April 26

Resourcing the Curriculum – Annotated resource list

Annotated Resource List – Assignment 1, Resourcing the Curriculum

Britannica Online (2016). “Native American” Encyclopædia Britannica. Retrieved from http://school.eb.com.au/levels/high/article/117303

THis resource is available through subscription to Britannica Online, and was selected after conducting a search on the database. Providing age and stage appropriate texts for students is one of the key requirements of the school’s Reading2Learn program. One of the core benefits of this resource is the opportunity to adjust the reading level of the text, depending on the skills and abilities of the class, whilst still ensuring that the information is stage appropriate. This is particularly useful for those classes that have a higher proportion of LBOTE students, as the lower reading level texts can be used to support students’ initial understanding of and engagement with the material, and then the higher reading level texts can be used to model more complex writing and text types.

Curriculum Support (n.d.). “Campfire -Stories”. http://www.curriculumsupport.education.nsw.gov.au/secondary/languages/languages/aboriginal/campfire/stories/index.htm Accessed 10 April 2016.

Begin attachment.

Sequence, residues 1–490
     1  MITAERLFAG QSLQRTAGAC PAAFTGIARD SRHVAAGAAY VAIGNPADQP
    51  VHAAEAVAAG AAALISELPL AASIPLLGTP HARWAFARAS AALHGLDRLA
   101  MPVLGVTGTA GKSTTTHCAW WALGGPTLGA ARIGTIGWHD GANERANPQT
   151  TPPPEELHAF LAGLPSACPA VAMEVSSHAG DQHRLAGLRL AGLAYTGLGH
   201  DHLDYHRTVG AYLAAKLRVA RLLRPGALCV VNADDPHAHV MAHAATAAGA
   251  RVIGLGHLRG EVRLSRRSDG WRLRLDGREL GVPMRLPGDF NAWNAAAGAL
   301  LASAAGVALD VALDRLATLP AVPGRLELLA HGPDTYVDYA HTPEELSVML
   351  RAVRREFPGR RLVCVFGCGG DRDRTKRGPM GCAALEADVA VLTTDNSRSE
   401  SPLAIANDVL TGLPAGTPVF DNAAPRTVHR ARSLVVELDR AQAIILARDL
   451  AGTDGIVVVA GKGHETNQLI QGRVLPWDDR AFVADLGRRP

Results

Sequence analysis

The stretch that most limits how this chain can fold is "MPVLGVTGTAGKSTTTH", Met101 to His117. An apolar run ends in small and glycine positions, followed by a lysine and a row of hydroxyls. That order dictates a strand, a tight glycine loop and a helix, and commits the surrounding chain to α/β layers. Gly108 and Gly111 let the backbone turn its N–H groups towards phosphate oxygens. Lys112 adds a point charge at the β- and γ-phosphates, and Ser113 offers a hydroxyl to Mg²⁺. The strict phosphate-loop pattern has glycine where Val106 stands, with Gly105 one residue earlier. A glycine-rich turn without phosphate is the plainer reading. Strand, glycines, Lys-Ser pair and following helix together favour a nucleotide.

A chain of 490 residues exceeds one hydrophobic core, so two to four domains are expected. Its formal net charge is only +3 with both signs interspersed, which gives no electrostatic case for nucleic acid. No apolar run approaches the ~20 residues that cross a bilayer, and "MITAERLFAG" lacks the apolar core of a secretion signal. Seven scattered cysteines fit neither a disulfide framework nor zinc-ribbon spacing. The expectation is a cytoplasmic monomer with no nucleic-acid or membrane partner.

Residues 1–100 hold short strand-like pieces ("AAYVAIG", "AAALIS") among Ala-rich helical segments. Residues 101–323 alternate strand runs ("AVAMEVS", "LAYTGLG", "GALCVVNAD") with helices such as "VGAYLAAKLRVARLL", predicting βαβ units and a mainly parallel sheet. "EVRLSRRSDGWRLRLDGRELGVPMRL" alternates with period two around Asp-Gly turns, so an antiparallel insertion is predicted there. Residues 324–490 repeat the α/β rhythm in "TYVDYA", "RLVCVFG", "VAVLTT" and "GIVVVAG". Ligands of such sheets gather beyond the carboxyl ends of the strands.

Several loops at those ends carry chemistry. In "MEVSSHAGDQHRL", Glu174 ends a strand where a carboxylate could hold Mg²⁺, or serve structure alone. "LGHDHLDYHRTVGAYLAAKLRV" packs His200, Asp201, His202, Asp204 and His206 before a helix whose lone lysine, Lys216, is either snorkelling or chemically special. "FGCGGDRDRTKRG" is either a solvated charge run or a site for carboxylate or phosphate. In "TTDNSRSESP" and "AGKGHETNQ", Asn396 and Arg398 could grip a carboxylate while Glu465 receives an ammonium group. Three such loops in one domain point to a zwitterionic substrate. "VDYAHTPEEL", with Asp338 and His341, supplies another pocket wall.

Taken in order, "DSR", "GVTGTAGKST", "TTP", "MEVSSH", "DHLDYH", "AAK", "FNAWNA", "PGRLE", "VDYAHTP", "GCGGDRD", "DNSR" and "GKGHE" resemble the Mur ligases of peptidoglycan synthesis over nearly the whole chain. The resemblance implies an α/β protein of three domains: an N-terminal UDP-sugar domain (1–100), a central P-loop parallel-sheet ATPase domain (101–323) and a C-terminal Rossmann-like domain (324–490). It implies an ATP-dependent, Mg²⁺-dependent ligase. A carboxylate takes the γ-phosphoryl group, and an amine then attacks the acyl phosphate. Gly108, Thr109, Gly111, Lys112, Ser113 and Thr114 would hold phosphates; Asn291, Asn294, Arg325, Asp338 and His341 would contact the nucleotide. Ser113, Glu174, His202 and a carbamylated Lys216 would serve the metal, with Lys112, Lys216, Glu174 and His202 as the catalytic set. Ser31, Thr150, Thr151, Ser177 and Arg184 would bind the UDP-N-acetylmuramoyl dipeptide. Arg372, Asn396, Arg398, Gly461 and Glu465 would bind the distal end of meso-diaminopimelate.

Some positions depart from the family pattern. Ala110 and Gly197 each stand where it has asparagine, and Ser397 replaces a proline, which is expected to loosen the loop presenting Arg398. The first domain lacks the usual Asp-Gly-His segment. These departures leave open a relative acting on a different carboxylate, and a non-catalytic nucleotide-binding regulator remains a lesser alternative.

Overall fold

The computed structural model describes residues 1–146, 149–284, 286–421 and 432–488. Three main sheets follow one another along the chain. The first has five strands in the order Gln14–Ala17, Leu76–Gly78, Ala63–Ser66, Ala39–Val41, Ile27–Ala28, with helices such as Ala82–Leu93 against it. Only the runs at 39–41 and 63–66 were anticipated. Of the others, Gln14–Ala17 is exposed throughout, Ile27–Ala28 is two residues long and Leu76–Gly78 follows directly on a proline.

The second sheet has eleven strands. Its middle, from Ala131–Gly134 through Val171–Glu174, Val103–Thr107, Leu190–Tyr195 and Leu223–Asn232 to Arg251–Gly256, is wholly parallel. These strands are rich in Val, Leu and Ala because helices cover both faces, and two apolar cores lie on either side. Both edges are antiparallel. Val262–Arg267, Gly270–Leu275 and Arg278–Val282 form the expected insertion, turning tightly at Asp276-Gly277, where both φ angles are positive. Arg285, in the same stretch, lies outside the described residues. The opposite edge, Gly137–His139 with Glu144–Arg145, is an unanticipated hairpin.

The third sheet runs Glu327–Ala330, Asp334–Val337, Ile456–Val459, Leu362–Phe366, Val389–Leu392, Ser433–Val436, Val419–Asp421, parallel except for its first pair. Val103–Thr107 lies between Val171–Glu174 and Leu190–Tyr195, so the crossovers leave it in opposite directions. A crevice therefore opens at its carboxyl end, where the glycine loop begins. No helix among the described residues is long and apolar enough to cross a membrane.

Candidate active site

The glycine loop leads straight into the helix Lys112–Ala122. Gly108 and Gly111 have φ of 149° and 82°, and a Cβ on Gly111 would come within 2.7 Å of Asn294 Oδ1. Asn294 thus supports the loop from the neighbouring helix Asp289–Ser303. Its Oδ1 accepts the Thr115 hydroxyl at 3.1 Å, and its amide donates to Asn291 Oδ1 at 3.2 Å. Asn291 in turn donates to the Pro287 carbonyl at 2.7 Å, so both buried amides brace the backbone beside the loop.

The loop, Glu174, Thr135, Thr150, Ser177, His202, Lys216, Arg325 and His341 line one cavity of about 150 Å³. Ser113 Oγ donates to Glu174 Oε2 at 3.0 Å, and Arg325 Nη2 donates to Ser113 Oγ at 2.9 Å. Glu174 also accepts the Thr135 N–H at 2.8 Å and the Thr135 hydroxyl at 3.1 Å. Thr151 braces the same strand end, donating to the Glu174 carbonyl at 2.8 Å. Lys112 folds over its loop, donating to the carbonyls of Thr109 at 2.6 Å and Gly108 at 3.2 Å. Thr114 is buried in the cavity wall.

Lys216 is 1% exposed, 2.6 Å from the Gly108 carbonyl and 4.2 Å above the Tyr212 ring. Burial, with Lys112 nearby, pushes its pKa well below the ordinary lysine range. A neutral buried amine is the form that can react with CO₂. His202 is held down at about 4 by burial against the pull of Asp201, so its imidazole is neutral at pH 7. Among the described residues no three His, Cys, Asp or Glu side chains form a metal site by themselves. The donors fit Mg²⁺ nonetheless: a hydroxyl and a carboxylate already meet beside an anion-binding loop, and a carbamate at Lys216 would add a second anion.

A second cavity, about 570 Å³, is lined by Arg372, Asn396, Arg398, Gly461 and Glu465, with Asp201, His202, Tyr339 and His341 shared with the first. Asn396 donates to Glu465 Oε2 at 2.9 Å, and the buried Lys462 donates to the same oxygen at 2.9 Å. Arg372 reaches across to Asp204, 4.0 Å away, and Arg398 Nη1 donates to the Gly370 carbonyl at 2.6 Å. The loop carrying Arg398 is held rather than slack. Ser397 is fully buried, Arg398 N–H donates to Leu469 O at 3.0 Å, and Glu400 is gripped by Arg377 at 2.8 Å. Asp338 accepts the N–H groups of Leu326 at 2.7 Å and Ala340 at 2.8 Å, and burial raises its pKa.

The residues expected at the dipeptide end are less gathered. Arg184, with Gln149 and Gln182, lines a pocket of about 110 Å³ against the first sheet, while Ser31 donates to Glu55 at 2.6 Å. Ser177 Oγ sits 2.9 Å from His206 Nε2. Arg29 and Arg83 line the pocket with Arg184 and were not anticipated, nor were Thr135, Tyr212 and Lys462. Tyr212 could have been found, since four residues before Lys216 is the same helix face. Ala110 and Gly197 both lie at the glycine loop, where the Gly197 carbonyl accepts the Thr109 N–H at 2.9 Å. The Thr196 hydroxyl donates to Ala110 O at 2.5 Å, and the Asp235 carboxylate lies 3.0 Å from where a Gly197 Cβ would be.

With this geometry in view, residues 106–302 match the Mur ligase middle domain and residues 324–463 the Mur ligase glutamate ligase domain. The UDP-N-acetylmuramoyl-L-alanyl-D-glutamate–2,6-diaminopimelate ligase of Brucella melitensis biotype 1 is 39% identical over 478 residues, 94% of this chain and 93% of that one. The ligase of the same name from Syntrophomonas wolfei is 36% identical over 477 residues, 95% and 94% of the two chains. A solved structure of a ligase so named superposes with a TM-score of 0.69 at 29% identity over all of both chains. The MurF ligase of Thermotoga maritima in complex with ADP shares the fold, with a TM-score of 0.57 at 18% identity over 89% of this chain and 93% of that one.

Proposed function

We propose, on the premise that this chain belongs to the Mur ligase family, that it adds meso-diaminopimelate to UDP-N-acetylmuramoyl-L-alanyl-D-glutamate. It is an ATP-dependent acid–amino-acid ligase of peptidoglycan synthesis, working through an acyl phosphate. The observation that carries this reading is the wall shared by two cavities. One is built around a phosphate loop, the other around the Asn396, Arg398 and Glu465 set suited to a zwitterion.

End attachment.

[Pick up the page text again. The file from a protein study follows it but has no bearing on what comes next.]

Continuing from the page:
Campfire Stories in an interactive website, which presents a series of interviews from Aboriginal elders and community members, organised by local area. This resource was located via search on Curriculum Support. The website is simple to operate, and provides a number of first person accounts of indigenous experiences.One of the key benefits of this resource is its accessibility – both in terms of its availability to students, and the ease of understanding of the material. Given that it is a freely available site, there is no cost for use, which makes it an attractive option.

As a teaching resource, it has enormous benefits, as it is linked to specific syllabus outcomes, and provides a range of teaching notes and suggestions for activities, and relevant links to quality teaching elements. The resource has academic and cultural integrity, and is an appropriate medium to present first-person interviews, so that students are able to hear indigenous experiences from those who have experienced them. This provides students with greater opportunities to develop their understanding of individual experiences, which is an essential element of the Depth Study.

 

Kohen, J.L. (2009). Daruganora: Darug country – the place and the people. Revised Edition. Two volumes. Darug Tribal Aboriginal Corporation, Blacktown.

This resource was initially located via a search on SCIS for the keyword “Darug”, after a request by the teacher for resources which provided specific information relating to the Aboriginal land on which Evans High School is situated. The text located on SCIS was a 2006 edition (SCIS number 1324880), but further research located a revised edition of the text, which has updated primary sources and maps.